A Memoir: The Old School Rehab; shaved heads, digging your own grave outside, young men forced to wear diapers, donkey costumes, eat baby food, and sit for weeks motionless on a wooden chair with no back

They went quite crazy back then in the name of reforming us; the other aspect of the war on drugs.
kevandbro2

Photo: Me at 17 with my buddy, the armed robber, dust patient bisexual, martial arts expert from Hollis, Queens

It was the early 1980s in NYC, around the birth of hip hop and these rehabs (TCs) were a world of prison culture, living in Bronx tenements, sleeping with one eye open, 125th Street in Harlem, Pitkin Avenue in East New York, Brooklyn, dusties detoxing on cranberry juice, the cooker, razor blades in mouths, Nicky Barnes, fresh waves, Five Percenters, Mighty Whiteys from Queens, speedballs, the hole stroll, spades, playing the corner slap boxing, wild like reform school, excessively rigid as a skinner box mixed with super Orwellian behaviorism (forced to constantly inform on each other to staff) — all to treat us misfits, gangstas and burnouts in army jackets and work-boots messing with girls with roach clip feather earrings who were made to wear stocking caps if they broke a rule.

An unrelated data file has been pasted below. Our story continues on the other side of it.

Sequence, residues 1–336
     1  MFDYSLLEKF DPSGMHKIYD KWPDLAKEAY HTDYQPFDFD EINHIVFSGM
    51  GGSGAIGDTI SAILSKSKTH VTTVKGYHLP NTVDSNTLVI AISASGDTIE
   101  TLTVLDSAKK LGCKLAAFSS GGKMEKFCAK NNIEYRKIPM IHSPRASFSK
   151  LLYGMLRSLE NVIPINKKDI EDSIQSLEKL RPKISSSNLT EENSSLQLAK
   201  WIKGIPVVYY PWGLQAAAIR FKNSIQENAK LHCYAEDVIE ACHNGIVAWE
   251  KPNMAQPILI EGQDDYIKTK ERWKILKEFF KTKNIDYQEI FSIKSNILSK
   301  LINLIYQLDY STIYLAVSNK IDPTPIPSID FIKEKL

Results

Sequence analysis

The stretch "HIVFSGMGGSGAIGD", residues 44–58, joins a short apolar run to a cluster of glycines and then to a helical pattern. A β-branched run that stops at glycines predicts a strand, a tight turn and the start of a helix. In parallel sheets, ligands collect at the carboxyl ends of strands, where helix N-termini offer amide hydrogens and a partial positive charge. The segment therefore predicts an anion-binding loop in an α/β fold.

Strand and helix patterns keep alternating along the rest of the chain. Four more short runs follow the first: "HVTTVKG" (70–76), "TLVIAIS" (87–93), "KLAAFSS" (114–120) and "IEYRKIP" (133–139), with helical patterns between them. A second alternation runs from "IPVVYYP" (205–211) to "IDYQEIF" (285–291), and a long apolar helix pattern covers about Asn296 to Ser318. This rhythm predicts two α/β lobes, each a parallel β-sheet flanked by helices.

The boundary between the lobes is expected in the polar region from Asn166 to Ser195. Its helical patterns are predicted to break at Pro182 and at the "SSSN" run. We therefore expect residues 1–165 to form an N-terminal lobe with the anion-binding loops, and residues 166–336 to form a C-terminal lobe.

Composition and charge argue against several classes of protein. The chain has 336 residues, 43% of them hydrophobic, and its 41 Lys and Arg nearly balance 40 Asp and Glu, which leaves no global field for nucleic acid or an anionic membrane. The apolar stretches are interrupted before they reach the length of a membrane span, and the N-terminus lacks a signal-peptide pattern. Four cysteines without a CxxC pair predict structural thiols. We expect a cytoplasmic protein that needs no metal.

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Drug running, slang, and real talk on NYPD wires and gangs r us type sites

(May 18, 2012)

“A notorious drug dealer who got his start during the crack epidemic of the 1980s and was so good at hiding his whereabouts that he was known as “the ghost” has been arrested along with dozens of others on new charges, police and prosecutors said Thursday.

James Corley, 51, was charged with criminal sale of a controlled substance and other drug charges after a 15-month undercover investigation that used wiretaps and surveillance, Police Commissioner Raymond Kelly and Queens District Attorney Richard Brown said. Forty-four other people were also charged with drug crimes in the dismantling of Corley’s operation, known as the Supreme Team, and another drug gang, authorities said.

Corley supplied cocaine to a second gang called the South Side Bloods, and low-level dealers grossed about $15,000 a week in drug sales, Kelly said. Burned by a wiretap before, Corley used at least eight different phones, authorities said.

The Supreme Team was run by legendary gang leader Kenneth “Supreme” McGriff, who reputedly funneled drug money into rap music label Murder Inc. He’s now serving life without parole for a pair of murders after a 2007 conviction.

It was a brutal drug gang that came out of the same Queens streets where platinum rappers 50 Cent and Ja Rule emerged years later. At its peak, the Supreme Team’s network of dealers was making $200,000 a day, authorities said.

After McGriff did jail time on a drug conviction, he was released in 1997 and aligned himself with neighborhood friend and music mogul Irv “Gotti” Lorenzo. The one-time street thugs produced one film: “Crime Partners,” a straight-to-video affair that featured Ja Rule, Snoop Dogg and Ice-T.